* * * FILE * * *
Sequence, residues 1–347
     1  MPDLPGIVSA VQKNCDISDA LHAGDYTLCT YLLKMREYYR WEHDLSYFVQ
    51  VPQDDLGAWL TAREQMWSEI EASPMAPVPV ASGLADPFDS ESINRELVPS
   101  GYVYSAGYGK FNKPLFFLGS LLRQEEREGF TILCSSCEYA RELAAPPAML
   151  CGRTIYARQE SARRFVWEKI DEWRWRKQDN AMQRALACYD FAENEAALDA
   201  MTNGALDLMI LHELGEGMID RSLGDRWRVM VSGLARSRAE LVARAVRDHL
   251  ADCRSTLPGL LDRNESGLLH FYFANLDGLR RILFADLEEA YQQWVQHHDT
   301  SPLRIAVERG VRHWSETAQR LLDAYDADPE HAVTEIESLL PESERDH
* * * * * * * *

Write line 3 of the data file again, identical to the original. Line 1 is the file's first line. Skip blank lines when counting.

    51  VPQDDLGAWL TAREQMWSEI EASPMAPVPV ASGLADPFDS ESINRELVPS